Global energy demand is likely to rise substantially by mid-century. At the same time, the use of fossil fuels may need to be severely curtailed to reduce the emission of greenhouse gases. Nuclear power is one of only four options to meet these conflicting requirements. However, its potential to do so is an issue of wide disagreement and high emotions, with balanced information hard to find. This book, the culmination of a two-year study, provides a dispassionate and objective assessment of the major disputes on the future role of this controversial fuel.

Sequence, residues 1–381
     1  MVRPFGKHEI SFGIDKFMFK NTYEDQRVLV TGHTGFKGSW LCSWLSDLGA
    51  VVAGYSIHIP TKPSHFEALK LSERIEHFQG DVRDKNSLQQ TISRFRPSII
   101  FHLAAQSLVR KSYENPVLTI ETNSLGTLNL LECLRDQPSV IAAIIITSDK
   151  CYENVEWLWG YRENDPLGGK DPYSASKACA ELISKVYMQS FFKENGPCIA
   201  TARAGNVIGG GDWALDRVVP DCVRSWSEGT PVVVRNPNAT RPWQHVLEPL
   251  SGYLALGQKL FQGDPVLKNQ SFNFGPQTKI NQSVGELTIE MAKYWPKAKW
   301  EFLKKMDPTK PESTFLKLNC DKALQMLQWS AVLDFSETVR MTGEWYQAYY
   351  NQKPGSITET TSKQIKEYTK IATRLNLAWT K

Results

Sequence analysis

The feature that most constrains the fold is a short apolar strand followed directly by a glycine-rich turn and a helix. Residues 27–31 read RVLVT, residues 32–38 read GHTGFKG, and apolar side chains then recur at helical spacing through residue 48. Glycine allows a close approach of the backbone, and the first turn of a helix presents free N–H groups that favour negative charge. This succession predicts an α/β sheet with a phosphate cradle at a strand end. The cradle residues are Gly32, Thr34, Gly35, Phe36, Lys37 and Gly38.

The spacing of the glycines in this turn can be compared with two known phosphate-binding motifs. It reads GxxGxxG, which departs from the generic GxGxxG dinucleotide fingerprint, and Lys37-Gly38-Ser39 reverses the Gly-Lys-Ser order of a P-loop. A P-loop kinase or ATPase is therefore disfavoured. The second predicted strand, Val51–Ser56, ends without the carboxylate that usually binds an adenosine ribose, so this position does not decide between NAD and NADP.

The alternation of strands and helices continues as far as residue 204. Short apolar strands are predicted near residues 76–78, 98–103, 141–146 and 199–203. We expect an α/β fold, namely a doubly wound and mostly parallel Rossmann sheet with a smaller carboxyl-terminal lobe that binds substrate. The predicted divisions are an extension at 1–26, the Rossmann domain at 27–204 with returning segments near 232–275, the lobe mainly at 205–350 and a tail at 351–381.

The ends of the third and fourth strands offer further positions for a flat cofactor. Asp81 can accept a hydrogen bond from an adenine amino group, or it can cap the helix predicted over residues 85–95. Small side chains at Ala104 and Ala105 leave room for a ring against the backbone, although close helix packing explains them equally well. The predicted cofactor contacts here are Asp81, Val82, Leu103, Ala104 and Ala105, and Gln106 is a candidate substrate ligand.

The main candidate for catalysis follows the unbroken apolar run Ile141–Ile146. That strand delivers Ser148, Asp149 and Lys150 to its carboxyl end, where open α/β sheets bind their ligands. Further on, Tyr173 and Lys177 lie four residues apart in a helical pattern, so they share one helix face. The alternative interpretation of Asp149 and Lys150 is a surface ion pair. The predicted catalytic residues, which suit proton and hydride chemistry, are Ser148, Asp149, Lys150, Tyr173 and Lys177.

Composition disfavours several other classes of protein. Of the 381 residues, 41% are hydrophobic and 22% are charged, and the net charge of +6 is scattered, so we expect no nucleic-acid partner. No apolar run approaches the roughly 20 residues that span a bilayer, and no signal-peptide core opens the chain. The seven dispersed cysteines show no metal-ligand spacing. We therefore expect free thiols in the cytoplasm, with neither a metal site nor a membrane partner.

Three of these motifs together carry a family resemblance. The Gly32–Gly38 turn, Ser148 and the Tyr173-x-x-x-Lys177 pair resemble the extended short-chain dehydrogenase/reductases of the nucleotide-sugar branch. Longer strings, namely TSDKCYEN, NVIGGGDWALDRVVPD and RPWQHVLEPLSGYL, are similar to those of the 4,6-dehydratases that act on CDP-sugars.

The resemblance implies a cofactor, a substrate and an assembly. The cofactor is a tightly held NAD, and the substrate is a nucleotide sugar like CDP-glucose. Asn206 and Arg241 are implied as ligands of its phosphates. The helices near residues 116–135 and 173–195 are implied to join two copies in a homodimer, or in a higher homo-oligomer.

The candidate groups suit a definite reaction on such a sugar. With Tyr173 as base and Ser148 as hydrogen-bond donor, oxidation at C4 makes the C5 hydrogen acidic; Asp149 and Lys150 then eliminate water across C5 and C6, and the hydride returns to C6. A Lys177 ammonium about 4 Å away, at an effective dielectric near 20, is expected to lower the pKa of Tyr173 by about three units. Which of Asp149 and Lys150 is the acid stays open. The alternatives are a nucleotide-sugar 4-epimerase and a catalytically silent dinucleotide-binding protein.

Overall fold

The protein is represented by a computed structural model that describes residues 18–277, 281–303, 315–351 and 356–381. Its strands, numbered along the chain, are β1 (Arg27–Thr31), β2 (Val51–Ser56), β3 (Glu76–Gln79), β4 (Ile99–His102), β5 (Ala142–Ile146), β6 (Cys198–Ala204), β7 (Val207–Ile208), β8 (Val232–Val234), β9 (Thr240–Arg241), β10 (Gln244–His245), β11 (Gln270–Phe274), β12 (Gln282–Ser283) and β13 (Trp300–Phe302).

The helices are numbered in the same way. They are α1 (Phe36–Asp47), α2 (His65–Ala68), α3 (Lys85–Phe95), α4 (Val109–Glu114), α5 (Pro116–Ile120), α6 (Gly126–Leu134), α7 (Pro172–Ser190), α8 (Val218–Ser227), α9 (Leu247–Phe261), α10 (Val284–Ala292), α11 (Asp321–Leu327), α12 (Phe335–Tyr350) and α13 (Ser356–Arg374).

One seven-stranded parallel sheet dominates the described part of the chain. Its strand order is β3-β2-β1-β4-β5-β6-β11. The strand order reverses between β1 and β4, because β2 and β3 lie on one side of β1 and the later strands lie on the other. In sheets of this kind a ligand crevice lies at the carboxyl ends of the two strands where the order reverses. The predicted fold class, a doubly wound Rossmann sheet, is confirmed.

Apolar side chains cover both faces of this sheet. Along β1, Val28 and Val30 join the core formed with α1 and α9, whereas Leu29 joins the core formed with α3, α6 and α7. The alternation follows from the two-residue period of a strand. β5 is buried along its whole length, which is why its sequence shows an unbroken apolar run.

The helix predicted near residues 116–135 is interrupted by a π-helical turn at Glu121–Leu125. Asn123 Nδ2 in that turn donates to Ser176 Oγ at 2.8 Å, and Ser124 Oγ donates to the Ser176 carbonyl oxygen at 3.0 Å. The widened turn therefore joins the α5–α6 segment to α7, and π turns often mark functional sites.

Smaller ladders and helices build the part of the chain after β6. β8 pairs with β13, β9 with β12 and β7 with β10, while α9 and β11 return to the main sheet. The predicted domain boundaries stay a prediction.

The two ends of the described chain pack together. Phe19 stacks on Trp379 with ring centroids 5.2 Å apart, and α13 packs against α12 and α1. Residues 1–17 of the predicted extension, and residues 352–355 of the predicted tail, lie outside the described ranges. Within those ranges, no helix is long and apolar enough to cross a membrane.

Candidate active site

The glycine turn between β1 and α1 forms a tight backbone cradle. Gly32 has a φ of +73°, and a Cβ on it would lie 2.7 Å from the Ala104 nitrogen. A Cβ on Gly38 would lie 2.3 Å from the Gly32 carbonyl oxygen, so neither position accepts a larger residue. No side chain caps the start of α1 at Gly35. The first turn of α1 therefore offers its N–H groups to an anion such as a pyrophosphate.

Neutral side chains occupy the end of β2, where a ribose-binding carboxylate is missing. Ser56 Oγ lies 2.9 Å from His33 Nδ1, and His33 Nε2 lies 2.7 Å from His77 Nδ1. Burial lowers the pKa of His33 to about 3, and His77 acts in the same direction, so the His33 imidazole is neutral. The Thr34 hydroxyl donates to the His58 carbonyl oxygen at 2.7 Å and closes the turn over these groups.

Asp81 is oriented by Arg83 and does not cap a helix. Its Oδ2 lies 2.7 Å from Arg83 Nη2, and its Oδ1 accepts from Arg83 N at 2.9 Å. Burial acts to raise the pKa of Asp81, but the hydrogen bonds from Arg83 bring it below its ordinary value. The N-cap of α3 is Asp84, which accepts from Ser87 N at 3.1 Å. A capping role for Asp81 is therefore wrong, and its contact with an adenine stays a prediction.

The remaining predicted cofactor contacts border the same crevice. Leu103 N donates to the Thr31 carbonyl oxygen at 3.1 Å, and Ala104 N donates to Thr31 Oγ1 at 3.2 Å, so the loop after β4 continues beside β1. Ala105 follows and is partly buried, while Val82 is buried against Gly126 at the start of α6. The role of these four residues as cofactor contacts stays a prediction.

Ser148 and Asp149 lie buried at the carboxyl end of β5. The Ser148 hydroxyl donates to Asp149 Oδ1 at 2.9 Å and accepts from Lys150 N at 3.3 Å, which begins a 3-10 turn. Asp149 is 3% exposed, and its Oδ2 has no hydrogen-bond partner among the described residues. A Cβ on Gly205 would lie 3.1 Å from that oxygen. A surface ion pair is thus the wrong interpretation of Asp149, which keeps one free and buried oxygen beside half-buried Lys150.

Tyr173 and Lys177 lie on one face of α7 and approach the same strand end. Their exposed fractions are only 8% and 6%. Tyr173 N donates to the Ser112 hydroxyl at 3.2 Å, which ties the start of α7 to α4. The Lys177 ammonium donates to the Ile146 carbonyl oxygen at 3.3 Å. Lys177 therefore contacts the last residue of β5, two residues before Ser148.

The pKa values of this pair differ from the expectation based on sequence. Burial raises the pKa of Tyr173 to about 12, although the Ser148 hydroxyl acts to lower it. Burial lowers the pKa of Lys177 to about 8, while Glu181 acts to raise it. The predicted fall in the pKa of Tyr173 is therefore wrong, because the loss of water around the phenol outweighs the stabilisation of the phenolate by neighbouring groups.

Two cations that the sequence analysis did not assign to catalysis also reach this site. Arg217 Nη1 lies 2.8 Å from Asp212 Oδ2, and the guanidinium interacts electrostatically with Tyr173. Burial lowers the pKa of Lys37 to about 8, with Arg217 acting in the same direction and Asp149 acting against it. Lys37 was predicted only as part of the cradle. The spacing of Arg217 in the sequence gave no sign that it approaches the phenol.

Decisionmakers and their advisers, as well as proponents and opponents of the fuel, will find in it clarification of the main issues influencing the future of nuclear energy: relative economics, public perceptions and the process of decision-making, nuclear R&D, waste management, reprocessing and proliferation, nuclear safety, and nuclear power and the Kyoto Protocol. In the light of the many uncertainties in the field of energy, the relevance of these issues can only continue to grow.